NASA and its global partners are preparing to celebrate 20 years of continuous human habitation in space following the first night’s stay aboard the International Space Station (ISS) back in November 2000. Orbiting Earth at an altitude of around 250 miles, this marvel of human engineering has so far hosted some 240 people from 19 countries, with most astronaut visits lasting around six months. So how do crew members actually live and work on the orbiting outpost? To offer some insight, we’ve gathered up all the best videos made by the astronauts themselves over the past 20 years, highlighting many different aspects of life aboard the ISS.
Coffee consumption seems like as good a place as any to get started. The space station’s coffee machine looks a little more complicated than your average Earth-based equivalent, though Tim Peake’s demonstration suggests there’s little to do beyond inserting a foil pack and pressing a button. Of course, microgravity conditions mean that sipping it out of a cup is a nonstarter (although specially designed cups have been tested), so astronauts instead have to suck it through a straw to get their caffeine kick.
The lack of gravity aboard the ISS means it’s vital for astronauts to do at least two hours of physical exercise a day to maintain muscle mass and overall health. In this video, we see Karen Nyberg doing some of her daily exercise on the space station’s treadmill, though unlike on terra firma, additional equipment is needed to ensure the astronaut’s feet make contact with the machine.
With many space station stints lasting around six months, there’s a good chance you’ll need your mop cut while you’re up there. Chris Cassidy demonstrates how he uses a standard hair trimmer with a vacuum cleaner to give himself a buzz cut (though for a moment, it looks like he might go for a rather striking mohawk instead).
Peanut butter and honey sandwich
Chris Hadfield made a name for himself during his last space mission in 2013, sharing incredible photos, doing numerous TV interviews, covering a famous Bowie track, and posting various videos about life aboard the station. In this one, he talks about how today’s astronaut food isn’t all squeezed through tubes — these days they can even enjoy a peanut butter and honey “sandwich,” among other treats.
Indeed, enjoying comfort food is a great way to keep astronauts’ spirits up during long spells away from home. In this video, you can see the space station crew making a few pizzas for a party, though looking at the results, ISS visitors would probably prefer it if Pizza Hut expanded its delivery area.
Besides everyday living, there’s plenty of work going on aboard the space station during a typical day. To date, the ISS has hosted around 3,000 research investigations from researchers based in more than 100 countries, with the projects covering everything from biotechnology and space science to human research and physical science. Here, we see Cassidy (again) offering a glimpse of some of the work that takes place in the orbiting laboratory.
Some astronauts on the space station get to do an “extravehicular activity,” otherwise known as a spacewalk — or “the fun stuff.” Spacewalks, each of which usually lasts for between five and eight hours, are necessary for essential maintenance work on the station’s exterior, but can also be used to conduct space experiments or test out new equipment. In July 2020, NASA completed its 300th spacewalk since the first one in 1965 when Ed White left his Gemini 4 capsule for around 20 minutes while tethered to the spacecraft. Above is some incredible action cam footage from a 2017 spacewalk.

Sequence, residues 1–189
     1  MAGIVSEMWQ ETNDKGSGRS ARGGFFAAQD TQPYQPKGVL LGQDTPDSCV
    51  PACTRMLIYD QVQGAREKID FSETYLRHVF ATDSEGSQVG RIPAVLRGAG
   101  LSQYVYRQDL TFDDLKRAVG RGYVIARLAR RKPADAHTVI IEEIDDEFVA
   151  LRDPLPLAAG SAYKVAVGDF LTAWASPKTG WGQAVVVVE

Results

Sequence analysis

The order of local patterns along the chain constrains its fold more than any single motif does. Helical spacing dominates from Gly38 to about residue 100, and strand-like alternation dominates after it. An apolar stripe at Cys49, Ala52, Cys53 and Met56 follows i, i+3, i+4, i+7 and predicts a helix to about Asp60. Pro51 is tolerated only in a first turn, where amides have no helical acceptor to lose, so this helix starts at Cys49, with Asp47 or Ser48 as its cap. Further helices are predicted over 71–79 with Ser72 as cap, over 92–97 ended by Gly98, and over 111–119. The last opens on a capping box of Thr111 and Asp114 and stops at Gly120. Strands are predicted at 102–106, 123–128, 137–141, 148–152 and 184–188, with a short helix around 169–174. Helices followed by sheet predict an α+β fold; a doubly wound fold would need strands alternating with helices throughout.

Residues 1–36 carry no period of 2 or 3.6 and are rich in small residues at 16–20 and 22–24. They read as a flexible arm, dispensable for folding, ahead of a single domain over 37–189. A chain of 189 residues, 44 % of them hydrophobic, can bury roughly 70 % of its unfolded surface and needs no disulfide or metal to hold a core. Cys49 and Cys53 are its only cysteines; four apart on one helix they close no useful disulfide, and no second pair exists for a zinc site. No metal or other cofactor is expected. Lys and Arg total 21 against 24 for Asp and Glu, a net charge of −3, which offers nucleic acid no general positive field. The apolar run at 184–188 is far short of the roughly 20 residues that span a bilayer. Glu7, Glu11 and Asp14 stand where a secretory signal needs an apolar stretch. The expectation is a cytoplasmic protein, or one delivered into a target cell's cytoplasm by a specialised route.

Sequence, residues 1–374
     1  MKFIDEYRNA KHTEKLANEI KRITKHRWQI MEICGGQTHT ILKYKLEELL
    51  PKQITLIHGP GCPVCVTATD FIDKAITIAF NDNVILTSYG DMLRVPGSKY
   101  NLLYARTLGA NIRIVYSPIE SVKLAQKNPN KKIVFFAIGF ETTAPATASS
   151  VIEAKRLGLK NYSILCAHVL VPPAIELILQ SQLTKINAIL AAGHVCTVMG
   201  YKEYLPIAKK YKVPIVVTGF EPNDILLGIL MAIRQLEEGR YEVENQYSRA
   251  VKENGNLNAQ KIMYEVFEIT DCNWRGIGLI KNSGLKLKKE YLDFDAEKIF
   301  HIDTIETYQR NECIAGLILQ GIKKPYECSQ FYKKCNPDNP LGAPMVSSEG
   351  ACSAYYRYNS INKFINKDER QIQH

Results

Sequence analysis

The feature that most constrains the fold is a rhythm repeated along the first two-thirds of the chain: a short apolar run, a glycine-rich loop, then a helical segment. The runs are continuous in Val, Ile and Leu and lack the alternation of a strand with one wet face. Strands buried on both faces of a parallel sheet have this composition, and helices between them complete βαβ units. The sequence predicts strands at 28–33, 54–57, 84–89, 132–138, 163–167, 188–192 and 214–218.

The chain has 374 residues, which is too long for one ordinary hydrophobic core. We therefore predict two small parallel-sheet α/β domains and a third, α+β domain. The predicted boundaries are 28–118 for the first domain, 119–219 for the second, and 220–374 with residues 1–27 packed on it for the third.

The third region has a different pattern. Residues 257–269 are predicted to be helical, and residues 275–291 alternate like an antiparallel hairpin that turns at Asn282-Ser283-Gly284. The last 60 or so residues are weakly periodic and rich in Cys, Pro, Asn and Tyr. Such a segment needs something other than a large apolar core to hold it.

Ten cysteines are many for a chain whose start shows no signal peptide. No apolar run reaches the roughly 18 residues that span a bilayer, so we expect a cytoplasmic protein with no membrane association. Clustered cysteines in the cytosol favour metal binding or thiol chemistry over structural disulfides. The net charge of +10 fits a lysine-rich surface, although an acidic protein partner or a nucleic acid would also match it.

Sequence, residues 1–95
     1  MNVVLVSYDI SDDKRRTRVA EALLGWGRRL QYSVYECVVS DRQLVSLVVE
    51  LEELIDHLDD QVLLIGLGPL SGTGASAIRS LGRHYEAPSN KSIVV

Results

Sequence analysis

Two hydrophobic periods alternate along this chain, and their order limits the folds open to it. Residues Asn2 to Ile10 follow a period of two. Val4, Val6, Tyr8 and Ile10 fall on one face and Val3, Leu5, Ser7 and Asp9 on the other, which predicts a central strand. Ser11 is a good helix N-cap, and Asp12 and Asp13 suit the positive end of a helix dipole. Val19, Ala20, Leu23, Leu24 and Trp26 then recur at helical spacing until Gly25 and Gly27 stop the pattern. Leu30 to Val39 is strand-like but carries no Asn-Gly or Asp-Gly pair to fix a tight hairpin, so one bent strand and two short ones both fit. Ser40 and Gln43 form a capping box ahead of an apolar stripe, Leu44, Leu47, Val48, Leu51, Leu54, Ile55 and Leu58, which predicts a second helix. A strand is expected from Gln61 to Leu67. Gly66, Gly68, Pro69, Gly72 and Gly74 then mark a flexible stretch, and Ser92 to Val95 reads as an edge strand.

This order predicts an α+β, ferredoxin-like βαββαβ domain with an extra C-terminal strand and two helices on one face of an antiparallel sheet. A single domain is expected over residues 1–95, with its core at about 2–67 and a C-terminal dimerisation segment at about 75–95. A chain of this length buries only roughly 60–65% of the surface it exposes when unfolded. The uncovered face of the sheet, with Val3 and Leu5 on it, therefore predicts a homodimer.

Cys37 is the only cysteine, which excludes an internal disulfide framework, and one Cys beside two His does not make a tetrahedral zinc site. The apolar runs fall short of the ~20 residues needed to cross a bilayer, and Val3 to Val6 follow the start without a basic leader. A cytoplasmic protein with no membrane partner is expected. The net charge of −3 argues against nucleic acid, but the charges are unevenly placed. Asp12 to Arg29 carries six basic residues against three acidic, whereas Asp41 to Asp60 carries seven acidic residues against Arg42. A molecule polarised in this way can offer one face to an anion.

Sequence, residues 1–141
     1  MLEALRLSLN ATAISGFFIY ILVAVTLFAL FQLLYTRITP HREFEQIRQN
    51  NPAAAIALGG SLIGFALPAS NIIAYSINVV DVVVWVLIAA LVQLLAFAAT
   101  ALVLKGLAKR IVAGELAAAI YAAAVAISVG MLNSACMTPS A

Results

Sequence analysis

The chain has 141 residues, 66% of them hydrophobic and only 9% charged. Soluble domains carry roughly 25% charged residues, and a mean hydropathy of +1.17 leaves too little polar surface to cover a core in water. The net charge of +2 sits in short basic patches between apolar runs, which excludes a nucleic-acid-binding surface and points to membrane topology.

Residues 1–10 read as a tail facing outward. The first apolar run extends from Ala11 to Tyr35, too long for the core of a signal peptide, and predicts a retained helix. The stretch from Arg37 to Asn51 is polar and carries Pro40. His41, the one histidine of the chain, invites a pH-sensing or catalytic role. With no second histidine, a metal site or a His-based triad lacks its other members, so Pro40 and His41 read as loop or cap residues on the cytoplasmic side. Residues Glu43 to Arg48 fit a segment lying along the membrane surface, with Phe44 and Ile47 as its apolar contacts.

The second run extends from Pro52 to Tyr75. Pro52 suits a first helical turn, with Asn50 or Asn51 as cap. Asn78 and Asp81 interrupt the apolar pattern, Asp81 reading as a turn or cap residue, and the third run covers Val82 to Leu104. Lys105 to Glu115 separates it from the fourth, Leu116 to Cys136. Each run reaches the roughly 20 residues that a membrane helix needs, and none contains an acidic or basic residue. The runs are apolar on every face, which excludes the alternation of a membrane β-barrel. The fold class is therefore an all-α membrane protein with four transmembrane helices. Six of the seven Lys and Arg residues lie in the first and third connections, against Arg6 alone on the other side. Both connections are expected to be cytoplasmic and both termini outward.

When they’re not doing the serious stuff, astronauts aboard the station like to wind down with some fun and games. This time, it’s tennis. The rackets are a bit small and the court rather cramped, but even Djokovic and Nadal could learn a thing or two from the extraordinary moves that these players manage to pull off.
We already know about haircuts in space, but how about washing it? Here, Karen Nyberg offers an intriguing look at the process, which involves water, shampoo, and a vigorous towel rub to help get the dirt out. You might think that managing long hair in microgravity conditions would be a somewhat chaotic affair, but Nyberg clearly has it down pat.
Hadfield explains that it’s normal for astronauts to feel sick when they first arrive at the space station, as their body needs to adjust to the microgravity conditions. Here, he shows off the “astronaut barf bag,” as he calls it, with its special design to prevent any regurgitated meals (possibly that pizza) from floating off around the station.
It’s the most common question that people ask astronauts — how do you go to the bathroom in space? Cassidy happily explains the process using the station’s new space toilet, delivered in 2020. It might not look that comfortable, but it’s highly efficient and ensures visitors get the job done without any mess.
At the end of a busy day in space, astronauts, like everyone else, need to get some shut-eye. There’s not exactly a bed to speak of, but instead a sleeping bag attached to the wall … or is that the ceiling? It’s hard to tell in space. Hadfield shows us the space station’s tiny sleep pods, and even reveals what astronaut jammies look like. Sweet dreams.